Private equity fund TPG along with Manipal and IHH of Malysia have been circling the assets of Fortis for months.
Ever since the Supreme Court lifted the bar on banks and financial institutions selling the shares of Fortis that were pledged with them, most chose to cash out.
On February 15, Axis Bank, for instance, invoked 1.84 crore of promoter’s pledged shares, representing 3.54% of the share capital. The next day, ECL Finance, IDBI Trusteeship on behalf of First Gulf Bank and Yes Bank, Ratnakar Bank and Yes Bank on its own invoked 4.27 crore shares together representing another 8.24% of the company.
On February 17, Indiabulls Housing Finance did the same and then on February 20, ECL Finance also invoked 3.9 crore shares representing 8.6% stake, respectively. All this led to the promoter stake coming down to 2.38% from the earlier 33% mark in December 17, before dropping further to below the current 1% mark. But unlike most other creditors, Yes Bank has chosen to stay invested.
“Post invocation of the pledged shares, banks and financial institutions (Yes Bank, Axis Bank, Indiabulls) have the right to sell their shares to a third party, which can eventually become the promoter of the company,” said Kumar Saurabh and Ankeet Pandya, healthcare analysts at Motilal Oswal in their latest research report.
“…Given that current promoter holding is marginal, banks/financial institutes may look to find a new investor, which could lead to stock re-rating. We have valued the hospital and diagnostic business based on 20x and 18x 1HFY20E EV/EBITDA, respectively.”
Sources in the banking industry said that Yes’s original exposure to Fortis is believed to be about Rs 1,500 crore and have been collateralised against the promoter’s shares, commercial real estate owned by the company and aircraft.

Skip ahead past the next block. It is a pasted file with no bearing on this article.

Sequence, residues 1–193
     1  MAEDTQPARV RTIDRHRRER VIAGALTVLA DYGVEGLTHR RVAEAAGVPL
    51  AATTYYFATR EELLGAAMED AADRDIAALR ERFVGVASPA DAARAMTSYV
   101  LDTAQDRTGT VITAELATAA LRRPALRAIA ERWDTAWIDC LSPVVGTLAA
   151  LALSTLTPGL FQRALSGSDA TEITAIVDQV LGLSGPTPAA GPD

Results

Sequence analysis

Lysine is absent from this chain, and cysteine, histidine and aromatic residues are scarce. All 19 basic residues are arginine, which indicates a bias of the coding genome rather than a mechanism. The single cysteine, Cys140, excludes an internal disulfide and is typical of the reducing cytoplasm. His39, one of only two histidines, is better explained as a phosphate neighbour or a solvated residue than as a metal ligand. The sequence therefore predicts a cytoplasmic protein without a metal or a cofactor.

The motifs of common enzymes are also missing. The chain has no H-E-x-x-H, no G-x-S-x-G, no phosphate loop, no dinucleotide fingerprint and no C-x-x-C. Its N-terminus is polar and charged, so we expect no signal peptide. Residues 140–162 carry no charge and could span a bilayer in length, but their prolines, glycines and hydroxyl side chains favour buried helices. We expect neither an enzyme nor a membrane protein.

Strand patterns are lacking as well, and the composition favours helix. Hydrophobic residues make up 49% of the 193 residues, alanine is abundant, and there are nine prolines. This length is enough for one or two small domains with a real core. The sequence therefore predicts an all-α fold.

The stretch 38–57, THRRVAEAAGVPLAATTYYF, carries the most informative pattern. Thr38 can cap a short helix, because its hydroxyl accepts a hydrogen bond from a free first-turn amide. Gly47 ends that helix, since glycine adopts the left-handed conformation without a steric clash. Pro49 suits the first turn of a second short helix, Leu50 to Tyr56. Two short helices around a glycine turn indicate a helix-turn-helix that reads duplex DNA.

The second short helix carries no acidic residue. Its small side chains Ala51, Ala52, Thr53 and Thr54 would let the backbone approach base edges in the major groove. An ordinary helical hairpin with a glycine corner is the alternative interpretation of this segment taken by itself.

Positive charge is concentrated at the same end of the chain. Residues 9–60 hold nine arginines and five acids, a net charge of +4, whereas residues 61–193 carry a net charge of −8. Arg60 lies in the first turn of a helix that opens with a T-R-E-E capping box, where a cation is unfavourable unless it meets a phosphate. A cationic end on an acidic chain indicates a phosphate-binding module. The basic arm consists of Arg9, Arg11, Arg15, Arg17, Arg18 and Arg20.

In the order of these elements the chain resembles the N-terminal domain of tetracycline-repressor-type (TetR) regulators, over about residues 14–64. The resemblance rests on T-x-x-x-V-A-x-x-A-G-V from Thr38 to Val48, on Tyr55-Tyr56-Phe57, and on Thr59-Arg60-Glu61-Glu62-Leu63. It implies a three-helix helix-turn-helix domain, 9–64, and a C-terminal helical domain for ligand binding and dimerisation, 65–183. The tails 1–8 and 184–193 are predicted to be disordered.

“The loans are perfectly mortgaged and are fully secure and protected. Other banks such as Axis have been continuously selling in the market and now owns around 2.51% in the company.
Yes Bank has no board seat, so Kapoor is purely playing a strategic role seeking a better exit price,” said an official aware of the matter on the condition of anonymity. Most of these loans are from the 2012-14 vintage, much before the current mess.
A bank spokesperson told ET that “as a matter of policy, Yes Bank does not comment on client specific information”.
The potential suitors — TPGManipal and IHH — are awaiting an investigation by law firm Luthra & Luthra suitor before moving in through a voluntary
open offer, believe sources tracking the ongoing developments in the company.
The audit and risk management committee of board-run Fortis has mandated the Delhi headquartered law firm to investigate the company’s treasury
operations, inter-group and related party transactions, including compliance with applicable laws and regulations. This report, which will also explore allegations of founders siphoning off money, will determine the efforts by the besieged hospital chain to find itself a buyer.
This follows audit firm Deloitte’s qualified statement earlier this month that it was unable to comment or form an opinion on the company’s financial statements,pending an investigation.